[Update 2015-03-13: I have blogged further about this here and provided a recap here. This post has been viewed over 10,000 times. Clearly some people want to sweep this under the carpet and pretend this is just ‘a storm in a teacup’ but it did happen and people do care about this. Thanks to everyone who spread the word.]
Today, Elsevier (RELX Group) illegally sold me a Creative Commons Attribution-NonCommercial-NoDerivatives licensed article:
Colson, P. et al. HIV infection en route to endogenization: two cases. Clin Microbiol Infect 20, 1280-1288 (2014).
I’m really not happy about it. I don’t think the research funders will be happy about it either. Especially not the authors (who are the copyright holders here).
Below is a screenshot of how the content was illegally on offer for sale, for $31.50 + tax.
To investigate if it really was on sale. I decided to make a test purchase. Just to be absolutely sure. Why not? The abstract looked interesting. The abstract was all I was allowed to read. I wanted to know more.
Below is the email receipt I received confirming my purchase of the content. I have crudely redacted my postal address but it’s otherwise unaltered:
So what’s the problem here?
The article was originally published online by Wiley. As clearly indicated in the document, the copyright holders are the authors. The work was licensed under a Creative Commons Attribution-NonCommercial-NoDerivatives 4.0 International license (CC BY-NC-ND 4.0).
The terms of this widely used license clearly state: “You may not use the material for commercial purposes.”
Wiley respect this license. They make this content freely available on their website here. The authors, or their research funder or institution probably paid Wiley money to make sure that the article could be made freely available to the world.
But tonight, Elsevier were selling it to me and all the world via their ScienceDirect platform.
This is clearly an illegal copyright infringement.
I have tweeted Elsevier employees @wisealic & @TomReller to see how I can get a refund for my purchase at the very least. This article should never have been on sale.
I have also contacted the corresponding author (Didier) to see what his thoughts are.
I do hope the authors will take legal action against Elsevier for their criminal misdeeds here.
Showing 4 Reviews
1Speaking as someone who personally believes strongly in the value and importance of open access - and does not believe hybrid OA is the best tool we have for it - I am still somewhat taken aback by the rhetoric used here. Calling for legal action and criminal sanctions as a way to report what is essentially a software bug?It's abundantly clear (to me, at least) that this is a systems mistake by Elsevier. A hybrid journal with ~30 OA articles was moved from one publisher to another; someone simply ingested it into the new publishing system without checking the metadata properly (or, given the rarity of hybrid journal transfers, they may not even have thought a check was needed). The specific license of the articles is more or less irrelevant to what happened - though, yes, of course an article with a CC-BY-NC license should not have been sold.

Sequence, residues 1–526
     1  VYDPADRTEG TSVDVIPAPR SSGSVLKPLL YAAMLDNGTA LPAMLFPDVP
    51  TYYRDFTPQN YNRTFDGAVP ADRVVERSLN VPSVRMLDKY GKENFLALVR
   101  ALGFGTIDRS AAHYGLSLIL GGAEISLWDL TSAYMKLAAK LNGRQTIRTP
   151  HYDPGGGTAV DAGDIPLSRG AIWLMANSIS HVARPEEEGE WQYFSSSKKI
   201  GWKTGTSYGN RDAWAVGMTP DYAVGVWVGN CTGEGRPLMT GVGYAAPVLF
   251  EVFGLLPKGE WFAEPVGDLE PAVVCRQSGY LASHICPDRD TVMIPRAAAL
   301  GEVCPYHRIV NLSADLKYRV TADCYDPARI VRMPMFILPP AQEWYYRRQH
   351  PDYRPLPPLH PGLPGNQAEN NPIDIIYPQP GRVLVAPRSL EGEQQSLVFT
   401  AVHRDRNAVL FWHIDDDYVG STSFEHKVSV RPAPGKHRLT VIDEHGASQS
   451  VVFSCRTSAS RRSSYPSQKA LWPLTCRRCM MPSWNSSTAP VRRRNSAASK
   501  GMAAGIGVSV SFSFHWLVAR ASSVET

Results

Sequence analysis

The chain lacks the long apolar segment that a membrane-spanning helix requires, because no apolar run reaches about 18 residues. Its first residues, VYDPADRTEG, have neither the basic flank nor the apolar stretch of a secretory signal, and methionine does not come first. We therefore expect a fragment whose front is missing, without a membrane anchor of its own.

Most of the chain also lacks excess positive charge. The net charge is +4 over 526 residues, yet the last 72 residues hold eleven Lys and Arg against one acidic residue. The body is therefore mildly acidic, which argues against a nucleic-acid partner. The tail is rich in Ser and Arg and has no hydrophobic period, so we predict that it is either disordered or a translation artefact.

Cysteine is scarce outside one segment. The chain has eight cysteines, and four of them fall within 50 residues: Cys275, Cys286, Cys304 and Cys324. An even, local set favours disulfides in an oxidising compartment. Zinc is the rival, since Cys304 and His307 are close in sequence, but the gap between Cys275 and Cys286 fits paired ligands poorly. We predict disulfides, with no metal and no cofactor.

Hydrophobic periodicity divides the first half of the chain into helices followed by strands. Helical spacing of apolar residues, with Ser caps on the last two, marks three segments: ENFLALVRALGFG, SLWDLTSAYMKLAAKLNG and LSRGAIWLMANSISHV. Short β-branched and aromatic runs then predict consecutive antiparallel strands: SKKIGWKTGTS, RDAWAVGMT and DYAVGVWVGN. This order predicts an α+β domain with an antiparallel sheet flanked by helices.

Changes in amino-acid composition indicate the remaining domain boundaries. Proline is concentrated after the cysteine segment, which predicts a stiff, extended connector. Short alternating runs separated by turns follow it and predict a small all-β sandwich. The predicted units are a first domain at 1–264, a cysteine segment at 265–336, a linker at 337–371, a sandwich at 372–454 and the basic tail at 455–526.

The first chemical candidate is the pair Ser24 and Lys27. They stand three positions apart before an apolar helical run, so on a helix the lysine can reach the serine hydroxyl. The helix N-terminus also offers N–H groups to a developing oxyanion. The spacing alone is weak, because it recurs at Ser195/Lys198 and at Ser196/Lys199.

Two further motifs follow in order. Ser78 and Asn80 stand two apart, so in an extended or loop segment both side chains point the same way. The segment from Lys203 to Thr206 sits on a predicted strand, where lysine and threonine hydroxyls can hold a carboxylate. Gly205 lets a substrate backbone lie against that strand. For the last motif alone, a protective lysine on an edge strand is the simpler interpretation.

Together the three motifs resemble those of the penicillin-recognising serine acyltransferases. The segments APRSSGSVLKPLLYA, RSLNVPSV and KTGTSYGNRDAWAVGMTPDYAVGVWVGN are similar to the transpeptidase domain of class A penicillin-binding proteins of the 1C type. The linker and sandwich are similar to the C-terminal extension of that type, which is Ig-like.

Problems like this do happen - and given the way hybrid OA is being shoehorned into existing systems, are almost bound to happen. They're *errors*, and the response to an error is to tell someone so they can fix it, not to assume conspiracy and immediately publish about their "criminal misdeeds". This is as true in scientific publishing as it is in any other part of science.
This article gets right to the point and makes it pretty clear that Elsevier was selling something that they weren't supposed to be. The license that this article was sold under explicitly prohibits this type of redistribution. These are the words of the relevant CC license.
- No additional restrictions — You may not apply legal terms or technological measures that legally restrict others from doing anything the license permits.
So as you see there is no license given for this sort of transaction and if the author wants to protect their rights they should sue Elsevier for royalties.
Royalties are what authors get in any other publishing process. If readers are paying then authors should get royalties even ...no...especially in academic publishing.
From the Wiley Copyright and Open Access Licences page: "Use of Wiley Open Access articles for commercial, promotional, or
marketing purposes requires further explicit permission from Wiley
and will be subject to a fee."
So, Elsevier paid for a commercial redistribution license for the paper, added some mark-up to that license fee, and quite legally, and very happily, charged you for it.
I think you are taking an honest mistake and trying to turn it into something much worse than it really is. You say, "I do hope the authors will take legal action against Elsevier for their criminal misdeeds here." This is an outrageous and false accusation. No criminal act was committed. If anything, this was at worst a minor civil infraction, not a criminal one.
Why are you so transfixed on Elsevier? OA zealots like you are so hung up on a single publisher when there are dozens of predatory publishers that are truly hurting and defrauding honest researchers. I think it's negligent to focus on this tiny honest mistake when predatory publishers are threatening to bring down the entire scholarly communication system.
This article and its reviews are distributed under the terms of the Creative Commons Attribution 4.0 International License, which permits unrestricted use, distribution, and redistribution in any medium, provided that the original author and source are credited.